The position of a shebait in Hindu Law is distinct from the position of a trustee in English Law. Before the Privy Council in Vidya Varuthi Thirtha v Balusami Ayyar[3] the question was whether the terms ‘conveyed in trust’ and ‘trustee’ as they appear in Article 134 of the Limitation Act 1908 apply to properties endowed to the Mahant of a Hindu mutt. The Privy Council rejected the contention that persons managing endowed properties are in the position of trustees under English Law. Justice Ameer Ali held:

“It is also to be remembered that a ‘trust’ in the sense in which the expression is used in English Law, is unknown in the Hindu system, pure and simple. Hindu piety found expression in gifts to idols and images consecrated and installed in temples, to religious institutions of every kind….Religious institutions, known under different names, and regarded as possessing the same ‘juristic’ capacity, and gifts are made to them eo nomine …

When the gift is directly to an idol or a temple, the seisin to complete the gift is necessarily effected by human agency. Called by whatever name, he is only the manager and custodian of the idol of the institution. In no case was the property conveyed to or vested in him, nor is he a ‘trustee’ in the English sense of the term, although in view of the obligations and duties vesting on him, he is answerable as a trustee in the general sense, for mal-administration…

it would follow that an alienation by a manager or superior by whatever name called cannot be treated as the act of a ‘trustee’ to whom property has been ‘conveyed in trust’ and who by virtue thereof has the capacity vested in him which is possessed by a ‘trustee’ in English law.”

… …Neither under the Hindu law nor in the Mahomedan system is any property ‘conveyed’ to a shebait or a mutavalli in the case of a dedication. Nor is any property vested in him, whatever property he holds for the idol or the institution he holds as manager with certain beneficial interest regulated by custom and usage.”

The decision in Vidya Varuthi affirms the distinction between the position of a shebait in Hindu Law and a trustee in English Law. Unlike in the case of a trust, dedicated property does not legally vest in the shebait. The purpose for which property is dedicated to an idol is executed and protected by the shebait. Though the dedicated property does not vest in the shebait, they are responsible for managing the properties and are answerable in law for any mismanagement of the endowed properties.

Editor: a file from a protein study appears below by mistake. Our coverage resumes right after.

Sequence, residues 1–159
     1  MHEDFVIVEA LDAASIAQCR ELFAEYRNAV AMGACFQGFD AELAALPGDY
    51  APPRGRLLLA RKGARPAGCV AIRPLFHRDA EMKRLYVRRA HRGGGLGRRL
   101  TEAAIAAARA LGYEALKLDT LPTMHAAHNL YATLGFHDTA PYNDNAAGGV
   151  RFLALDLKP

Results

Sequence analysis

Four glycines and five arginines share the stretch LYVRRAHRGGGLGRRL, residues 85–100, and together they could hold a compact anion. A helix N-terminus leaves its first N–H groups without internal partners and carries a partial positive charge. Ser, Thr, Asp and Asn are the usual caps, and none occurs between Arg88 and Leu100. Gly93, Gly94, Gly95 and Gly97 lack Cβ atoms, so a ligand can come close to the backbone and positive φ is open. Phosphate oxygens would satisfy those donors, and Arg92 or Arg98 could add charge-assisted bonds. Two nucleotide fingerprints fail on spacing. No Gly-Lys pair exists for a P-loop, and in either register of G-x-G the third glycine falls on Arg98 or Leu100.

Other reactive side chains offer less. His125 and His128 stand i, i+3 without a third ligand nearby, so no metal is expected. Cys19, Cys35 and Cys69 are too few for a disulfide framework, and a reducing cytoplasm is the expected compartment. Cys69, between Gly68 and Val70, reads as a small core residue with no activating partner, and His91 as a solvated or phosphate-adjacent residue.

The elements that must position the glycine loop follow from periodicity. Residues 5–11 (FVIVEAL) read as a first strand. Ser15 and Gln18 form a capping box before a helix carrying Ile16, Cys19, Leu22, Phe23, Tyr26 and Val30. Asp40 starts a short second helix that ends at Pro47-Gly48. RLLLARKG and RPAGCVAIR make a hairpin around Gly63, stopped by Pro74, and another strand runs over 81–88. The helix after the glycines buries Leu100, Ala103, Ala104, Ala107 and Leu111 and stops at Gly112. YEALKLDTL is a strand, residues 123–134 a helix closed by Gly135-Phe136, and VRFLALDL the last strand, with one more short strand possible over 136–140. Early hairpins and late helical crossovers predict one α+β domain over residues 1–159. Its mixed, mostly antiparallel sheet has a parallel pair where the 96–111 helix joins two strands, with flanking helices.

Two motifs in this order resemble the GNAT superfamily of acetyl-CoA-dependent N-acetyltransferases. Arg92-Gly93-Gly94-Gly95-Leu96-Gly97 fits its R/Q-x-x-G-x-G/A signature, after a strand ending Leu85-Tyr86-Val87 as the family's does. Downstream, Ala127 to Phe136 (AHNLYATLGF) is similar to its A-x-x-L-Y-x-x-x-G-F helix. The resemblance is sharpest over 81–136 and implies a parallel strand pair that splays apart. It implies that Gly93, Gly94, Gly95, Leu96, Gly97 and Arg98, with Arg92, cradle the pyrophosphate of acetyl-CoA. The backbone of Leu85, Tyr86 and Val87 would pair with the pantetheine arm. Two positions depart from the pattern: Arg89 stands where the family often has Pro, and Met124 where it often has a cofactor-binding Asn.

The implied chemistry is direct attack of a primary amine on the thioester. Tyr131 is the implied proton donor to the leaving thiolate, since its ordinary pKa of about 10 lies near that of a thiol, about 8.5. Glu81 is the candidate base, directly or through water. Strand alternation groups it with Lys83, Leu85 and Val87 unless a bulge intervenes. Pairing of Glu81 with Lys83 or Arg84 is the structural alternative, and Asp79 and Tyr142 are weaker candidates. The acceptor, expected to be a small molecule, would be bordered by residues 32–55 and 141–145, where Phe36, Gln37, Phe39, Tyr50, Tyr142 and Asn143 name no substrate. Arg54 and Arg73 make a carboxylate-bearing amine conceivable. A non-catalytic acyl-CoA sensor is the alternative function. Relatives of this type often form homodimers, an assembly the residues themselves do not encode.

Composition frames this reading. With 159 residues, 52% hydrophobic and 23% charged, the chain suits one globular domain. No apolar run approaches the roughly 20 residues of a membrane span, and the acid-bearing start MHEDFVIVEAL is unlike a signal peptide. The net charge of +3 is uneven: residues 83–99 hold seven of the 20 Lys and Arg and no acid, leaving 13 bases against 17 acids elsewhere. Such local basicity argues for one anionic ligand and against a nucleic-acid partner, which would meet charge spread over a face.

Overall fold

The shebait holds the property of an idol for the benefit of the idol. There is thus a distinction between the proprietary right of a trustee in English law and a shebait in Hindu Law. Chief Justice B K Mukherjea, in his seminal work ‘Hindu Law of Religious Charitable Trusts’ states:

“In English law the legal estate in the trust property vests in the trustee who holds it for the benefit of the cestui que trust. In a Hindu religions endowment, the entire ownership of the dedicated property is transferred to the deity or the institution itself as a juristic person, and the Shebait or Mahant is a mere manager.”[4]

The above distinction was affirmed by this Court in Profulla Chorone. In dealing with the concept of a shebait, Justice RS Sarkaria held:

“As regards the administration of the debutter, his position is analogous to that of a trustee; yet, he is not precisely in the position of a trustee in the English sense, because under Hindu Law, property absolutely dedicated to an idol, vests in the idol, and not in the shebait. Although the debutter never vests in the shebait, yet, peculiarly enough, almost in every case, the shebait has a right to a part of the usufruct, the mode of enjoyment, and the amount of the usufruct depending again on usage and custom, if not devised by the founder.”

These observations affirm that the position of a shebait is distinct from that of a trustee in English law. The dedicated property legally vests in the idol in an ideal sense and not in the shebait. A shebait does not bring an action for the recovery of the property in a personal capacity but on behalf of the idol for the protection of the idol‘s dedicated property. Ordinarily, a deed of dedication will not contain a provision for the duties of the shebait.